Acknowledgments: We thank the Department of Family Medicine and the Iowa City Free Medical Clinic for their valuable support and collaboration, with special gratitude for the extra service from Drs David Bedell, Jason Powers, Mary Rysavy, Whitney Kaefring and Meghan Connett.


  1. Young RA. Maternity care services provided by family physicians in rural hospitals. J Am Board Fam Med. 2017;30(1):71-77. doi:10.3122/jabfm.2017.01.160072
  2. Tong ST, Makaroff LA, Xierali IM, et al. Proportion of family physicians providing maternity care continues to decline. J Am Board Fam Med. 2012;25(3):270-271. doi:10.3122/jabfm.2012.03.110256
  3. Cullen J. Obstetrics care in rural areas is faltering. Fam Pract News. 2020;50(1):1-3.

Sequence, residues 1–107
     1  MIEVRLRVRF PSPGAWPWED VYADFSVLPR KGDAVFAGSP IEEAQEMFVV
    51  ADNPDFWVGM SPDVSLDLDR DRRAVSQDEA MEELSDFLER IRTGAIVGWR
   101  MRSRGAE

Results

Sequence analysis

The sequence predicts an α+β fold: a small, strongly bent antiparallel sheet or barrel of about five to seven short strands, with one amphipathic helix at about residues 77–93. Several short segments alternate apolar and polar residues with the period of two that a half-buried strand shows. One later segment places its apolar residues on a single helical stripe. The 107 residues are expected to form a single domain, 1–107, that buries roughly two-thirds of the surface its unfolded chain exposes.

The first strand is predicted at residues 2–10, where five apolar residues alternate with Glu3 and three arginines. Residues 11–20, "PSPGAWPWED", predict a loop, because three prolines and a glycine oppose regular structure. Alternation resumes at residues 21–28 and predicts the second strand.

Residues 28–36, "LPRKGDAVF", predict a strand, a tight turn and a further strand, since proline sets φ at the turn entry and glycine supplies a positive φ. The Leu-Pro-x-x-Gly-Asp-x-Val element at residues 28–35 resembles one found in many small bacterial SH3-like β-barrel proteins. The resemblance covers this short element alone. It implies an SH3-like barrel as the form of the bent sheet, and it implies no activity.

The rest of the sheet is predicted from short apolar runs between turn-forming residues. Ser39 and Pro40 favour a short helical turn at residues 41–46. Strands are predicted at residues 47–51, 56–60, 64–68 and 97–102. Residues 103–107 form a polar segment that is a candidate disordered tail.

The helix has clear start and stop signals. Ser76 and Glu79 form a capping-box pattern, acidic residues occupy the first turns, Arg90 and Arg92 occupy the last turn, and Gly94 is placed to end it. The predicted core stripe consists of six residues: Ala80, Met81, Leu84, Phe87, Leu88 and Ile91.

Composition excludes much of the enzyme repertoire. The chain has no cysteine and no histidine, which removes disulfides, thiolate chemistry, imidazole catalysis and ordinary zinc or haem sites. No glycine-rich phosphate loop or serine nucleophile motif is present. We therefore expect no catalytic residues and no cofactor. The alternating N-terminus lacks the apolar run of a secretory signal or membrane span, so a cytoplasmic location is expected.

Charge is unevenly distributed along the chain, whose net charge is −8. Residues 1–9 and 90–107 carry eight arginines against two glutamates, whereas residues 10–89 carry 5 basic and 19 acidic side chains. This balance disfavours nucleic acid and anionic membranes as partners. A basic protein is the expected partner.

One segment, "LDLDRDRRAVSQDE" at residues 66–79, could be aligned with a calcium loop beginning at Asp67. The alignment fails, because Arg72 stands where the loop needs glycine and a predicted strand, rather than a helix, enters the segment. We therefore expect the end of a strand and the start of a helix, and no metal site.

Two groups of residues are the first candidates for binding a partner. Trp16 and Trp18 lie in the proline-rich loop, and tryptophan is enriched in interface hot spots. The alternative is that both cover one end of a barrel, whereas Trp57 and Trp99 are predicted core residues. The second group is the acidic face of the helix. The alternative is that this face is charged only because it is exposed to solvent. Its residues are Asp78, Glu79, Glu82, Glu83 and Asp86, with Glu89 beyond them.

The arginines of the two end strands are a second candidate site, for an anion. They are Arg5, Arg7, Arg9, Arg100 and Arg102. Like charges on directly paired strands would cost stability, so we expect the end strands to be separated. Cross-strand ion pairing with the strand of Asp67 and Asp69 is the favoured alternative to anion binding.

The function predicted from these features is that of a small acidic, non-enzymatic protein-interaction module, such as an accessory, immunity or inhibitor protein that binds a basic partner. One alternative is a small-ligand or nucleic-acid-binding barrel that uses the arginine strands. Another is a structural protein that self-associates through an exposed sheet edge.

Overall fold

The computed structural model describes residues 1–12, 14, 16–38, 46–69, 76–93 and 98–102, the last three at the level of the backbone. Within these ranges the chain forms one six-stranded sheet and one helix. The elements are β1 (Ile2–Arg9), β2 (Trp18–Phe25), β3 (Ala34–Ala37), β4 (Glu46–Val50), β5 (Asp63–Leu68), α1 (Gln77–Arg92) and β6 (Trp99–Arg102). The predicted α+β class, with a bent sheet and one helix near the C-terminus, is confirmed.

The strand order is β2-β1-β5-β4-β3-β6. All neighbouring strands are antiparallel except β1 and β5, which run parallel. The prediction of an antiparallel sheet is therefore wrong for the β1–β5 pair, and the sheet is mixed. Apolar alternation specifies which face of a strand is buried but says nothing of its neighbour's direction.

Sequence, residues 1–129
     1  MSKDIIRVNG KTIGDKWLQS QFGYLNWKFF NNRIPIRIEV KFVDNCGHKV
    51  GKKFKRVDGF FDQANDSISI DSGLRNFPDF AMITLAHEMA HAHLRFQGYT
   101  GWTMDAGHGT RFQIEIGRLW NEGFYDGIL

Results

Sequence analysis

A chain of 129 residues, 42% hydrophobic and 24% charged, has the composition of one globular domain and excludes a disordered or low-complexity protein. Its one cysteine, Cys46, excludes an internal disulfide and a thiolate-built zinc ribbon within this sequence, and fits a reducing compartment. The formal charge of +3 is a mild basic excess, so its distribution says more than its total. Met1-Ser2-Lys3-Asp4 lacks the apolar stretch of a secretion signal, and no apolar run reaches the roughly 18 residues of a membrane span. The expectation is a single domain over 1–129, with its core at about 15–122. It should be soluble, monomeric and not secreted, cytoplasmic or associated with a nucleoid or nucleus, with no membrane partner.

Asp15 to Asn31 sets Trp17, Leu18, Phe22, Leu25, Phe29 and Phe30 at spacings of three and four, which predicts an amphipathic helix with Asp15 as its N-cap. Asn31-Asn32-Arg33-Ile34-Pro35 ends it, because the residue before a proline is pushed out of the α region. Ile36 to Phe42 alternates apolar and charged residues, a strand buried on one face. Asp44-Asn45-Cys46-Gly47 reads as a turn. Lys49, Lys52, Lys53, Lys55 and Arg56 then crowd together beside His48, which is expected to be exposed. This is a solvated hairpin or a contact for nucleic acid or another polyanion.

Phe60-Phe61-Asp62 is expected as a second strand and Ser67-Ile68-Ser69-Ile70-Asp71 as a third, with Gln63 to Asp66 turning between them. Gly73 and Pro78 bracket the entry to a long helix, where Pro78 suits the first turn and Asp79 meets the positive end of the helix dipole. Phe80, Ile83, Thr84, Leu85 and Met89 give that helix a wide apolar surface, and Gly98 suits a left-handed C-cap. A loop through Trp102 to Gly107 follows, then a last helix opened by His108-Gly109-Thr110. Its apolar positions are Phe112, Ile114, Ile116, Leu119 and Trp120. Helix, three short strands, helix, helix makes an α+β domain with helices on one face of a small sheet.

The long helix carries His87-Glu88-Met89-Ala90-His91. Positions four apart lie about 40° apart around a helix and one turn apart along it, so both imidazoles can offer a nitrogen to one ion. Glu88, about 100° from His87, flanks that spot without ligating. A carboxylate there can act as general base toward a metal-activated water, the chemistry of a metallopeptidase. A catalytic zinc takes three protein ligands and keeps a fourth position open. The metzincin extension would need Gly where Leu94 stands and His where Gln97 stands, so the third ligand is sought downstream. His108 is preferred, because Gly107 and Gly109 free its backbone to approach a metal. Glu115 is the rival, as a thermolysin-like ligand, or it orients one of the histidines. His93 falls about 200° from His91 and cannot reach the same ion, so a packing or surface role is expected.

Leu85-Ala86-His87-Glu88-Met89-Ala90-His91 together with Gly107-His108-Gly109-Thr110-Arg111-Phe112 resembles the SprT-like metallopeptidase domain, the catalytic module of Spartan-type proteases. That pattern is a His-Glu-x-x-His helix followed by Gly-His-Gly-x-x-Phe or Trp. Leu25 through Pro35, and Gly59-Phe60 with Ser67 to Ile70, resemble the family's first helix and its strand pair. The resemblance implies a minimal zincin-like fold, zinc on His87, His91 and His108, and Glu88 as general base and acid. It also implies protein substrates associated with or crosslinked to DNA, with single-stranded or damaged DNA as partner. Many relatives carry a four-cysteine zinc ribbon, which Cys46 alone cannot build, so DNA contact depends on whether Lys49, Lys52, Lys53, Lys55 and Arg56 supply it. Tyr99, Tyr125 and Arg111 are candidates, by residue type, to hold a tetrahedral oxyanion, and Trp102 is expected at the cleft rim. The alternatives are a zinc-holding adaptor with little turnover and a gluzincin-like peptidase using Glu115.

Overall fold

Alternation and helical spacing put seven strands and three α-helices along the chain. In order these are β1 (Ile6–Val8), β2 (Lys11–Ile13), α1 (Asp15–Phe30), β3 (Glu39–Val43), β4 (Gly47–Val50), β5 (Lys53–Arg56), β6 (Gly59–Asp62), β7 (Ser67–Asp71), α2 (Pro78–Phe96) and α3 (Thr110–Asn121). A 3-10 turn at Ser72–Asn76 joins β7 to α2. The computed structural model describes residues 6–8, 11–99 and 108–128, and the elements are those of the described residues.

4. Olden C. AAFP delivering on maternity care training, resources. American Academy of Family Physicians. Updated August 17, 2016. Accessed February 9, 2020.https://www.aafp.org/news/blogs/leadervoices/entry/aafp_delivering_on_maternity_care.html
  5. Sutter MB, Prasad R, Roberts MB, Magee SR. Teaching maternity care in family medicine residencies: what factors predict graduate continuation of obstetrics? A 2013 CERA program directors study. Fam Med. 2015;47(6):459-465.
  6. Provider education, Medicaid Presumptive Eligibility (PE) policy and Medicaid Presumptive Eligibility Portal (MPEP) training. Iowa Department of Human Services. Accessed January 15, 2020. https://dhs.iowa.gov/sites/default/files/PE_Training_for_Providers_Policy_Portal_Processing_revised_2_29_2016.pdf?020420202350